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Portage Canal facts for kids

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For the Portage Canal located in the Keweenaw Peninsula, see Keweenaw Waterway.
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Portage Canal
Portage Canal in downtown Portage WI looking west.jpg
Portage Canal in downtown Portage
Location Between the Fox and Wisconsin Rivers, Portage, WI
Built 1835
Architect Conro, Starke & Co.; U.S.Army Corps of Engineers
NRHP reference No. 77000030
Added to NRHP August 26, 1977

The Portage Canal was built to connect the Fox River and Wisconsin River at Portage, Wisconsin along the Fox-Wisconsin Waterway. For a time, it completed a route from the north Atlantic Ocean, through the St. Lawrence Seaway and down the Mississippi River to the Gulf of Mexico, and back to the Atlantic.

Numerous attempts were made to build the thin Wisconsin-Fox connection through the marshy land, beginning in 1837 with the formation of the Portage Canal Company. Digging and hauling by hand through two and a half miles of muddy terrain, the project was quickly abandoned. A second project, started in 1849, managed to cut a path usable by canoe, but not viable for commerce. The final project, complete with locks to raise the water level of the Fox to that of the Wisconsin's, was not completed until 1876 by the Army Corps of Engineers. Unfortunately, by then, the railroads were quick on their way, followed soon thereafter by the automobile. The Portage Canal acquired a new steel gate and concrete lock in 1926 due to a rupture of the 1876 wooden gate and the quoin post of the west gate of the lock in April 1926. A local contractor, M.E. White Company of Chicago, Illinois was awarded the bid, August 1926. The firm completed the repairs of lock and replace of the 1876 wooden gate under the supervision of the U. S Army Corps of Engineers, Milwaukee, Wisconsin. The 1926 Portage Canal Lock was the first steel and concrete lock on the Fox River. The subcontractor for the steel gate was the Lakeside Bridge and Steel Company of Wisconsin. During the re-construction process the Engineers were faced with containing underground springs beneath the lock, which caused considerable delays. The White Construction Co. repaired the fallen wall and dismantled the remaining wall of the lock, which were re-laid, and constructed according to the original configurations of the 1876 construction. The White Construction Company used 9,000 barrels of Portland cement to build the locks. The canal lock and new gate were completed in the May 1928.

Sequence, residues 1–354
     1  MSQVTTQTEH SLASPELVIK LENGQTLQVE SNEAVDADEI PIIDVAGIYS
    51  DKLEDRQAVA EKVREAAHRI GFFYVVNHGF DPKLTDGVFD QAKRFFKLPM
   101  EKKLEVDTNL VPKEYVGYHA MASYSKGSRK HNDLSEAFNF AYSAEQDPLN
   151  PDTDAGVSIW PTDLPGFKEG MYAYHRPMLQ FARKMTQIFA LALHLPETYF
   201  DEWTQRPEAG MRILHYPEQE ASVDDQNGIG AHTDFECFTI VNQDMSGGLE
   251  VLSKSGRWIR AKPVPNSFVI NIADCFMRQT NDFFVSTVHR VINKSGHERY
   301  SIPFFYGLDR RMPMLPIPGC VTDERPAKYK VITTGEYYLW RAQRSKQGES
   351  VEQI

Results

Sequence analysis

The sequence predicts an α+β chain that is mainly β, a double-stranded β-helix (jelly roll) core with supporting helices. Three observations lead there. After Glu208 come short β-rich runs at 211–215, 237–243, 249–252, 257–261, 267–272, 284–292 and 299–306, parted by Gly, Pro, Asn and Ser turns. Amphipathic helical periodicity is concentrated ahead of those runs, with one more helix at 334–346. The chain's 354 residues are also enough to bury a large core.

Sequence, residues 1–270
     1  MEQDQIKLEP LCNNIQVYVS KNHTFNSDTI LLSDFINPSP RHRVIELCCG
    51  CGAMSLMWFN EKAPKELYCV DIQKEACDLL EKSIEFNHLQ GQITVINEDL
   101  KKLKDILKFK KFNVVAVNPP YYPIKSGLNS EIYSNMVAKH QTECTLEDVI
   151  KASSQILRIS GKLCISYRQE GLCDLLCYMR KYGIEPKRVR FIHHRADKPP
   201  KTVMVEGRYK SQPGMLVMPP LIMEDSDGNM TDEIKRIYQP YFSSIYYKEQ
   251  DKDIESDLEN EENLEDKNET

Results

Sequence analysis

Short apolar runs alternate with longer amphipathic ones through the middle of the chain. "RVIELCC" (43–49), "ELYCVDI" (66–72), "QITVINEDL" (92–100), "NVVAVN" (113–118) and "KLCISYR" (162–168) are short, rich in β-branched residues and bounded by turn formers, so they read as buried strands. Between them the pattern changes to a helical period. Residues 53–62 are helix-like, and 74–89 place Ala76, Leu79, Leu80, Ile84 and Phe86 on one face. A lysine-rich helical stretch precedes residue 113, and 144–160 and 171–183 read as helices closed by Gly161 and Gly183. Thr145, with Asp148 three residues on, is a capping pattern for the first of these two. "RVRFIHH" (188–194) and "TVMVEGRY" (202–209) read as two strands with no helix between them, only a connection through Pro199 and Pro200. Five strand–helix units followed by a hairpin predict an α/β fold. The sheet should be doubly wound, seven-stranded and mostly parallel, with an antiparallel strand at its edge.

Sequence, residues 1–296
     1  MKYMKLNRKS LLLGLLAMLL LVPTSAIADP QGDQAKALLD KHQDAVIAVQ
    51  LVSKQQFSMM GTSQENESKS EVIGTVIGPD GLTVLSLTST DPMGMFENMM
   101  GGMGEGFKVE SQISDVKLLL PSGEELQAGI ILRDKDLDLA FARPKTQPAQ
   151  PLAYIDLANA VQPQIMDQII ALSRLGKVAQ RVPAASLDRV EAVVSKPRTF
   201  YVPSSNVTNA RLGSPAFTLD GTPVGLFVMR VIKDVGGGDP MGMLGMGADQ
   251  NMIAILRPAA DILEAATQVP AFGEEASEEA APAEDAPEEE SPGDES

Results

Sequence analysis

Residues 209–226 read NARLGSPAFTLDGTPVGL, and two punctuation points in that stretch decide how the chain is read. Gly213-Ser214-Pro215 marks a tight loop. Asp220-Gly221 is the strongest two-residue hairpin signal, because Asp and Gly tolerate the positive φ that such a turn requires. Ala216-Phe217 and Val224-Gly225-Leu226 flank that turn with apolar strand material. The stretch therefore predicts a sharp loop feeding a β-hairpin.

Portage Canal emptying into Fox River
Canal emptying into the Fox River
Ice Age Trail at Portage Canal
crossing of the Ice Age Trail

The use of the canal as a major means of commerce lasted only a few decades, though pleasure craft, including steamboats, continued to ply the narrow waterway. In following years, the canal began to degrade through lack of upkeep. The canal was used until 1951, when the Fort Winnebago Lock was bulldozed in and the Wisconsin River Locks were welded shut.

Currently, water pumps provide the only substantial flow and aeration. Continued attempts have been made to restore the remainder of the canal to its original condition and the Portage Canal Society continues to try to raise funds and make improvements. In the fall of 2015, ground was broken along the eastern part of the downtown section to construct government offices and is expected to be completed and open in 2017.

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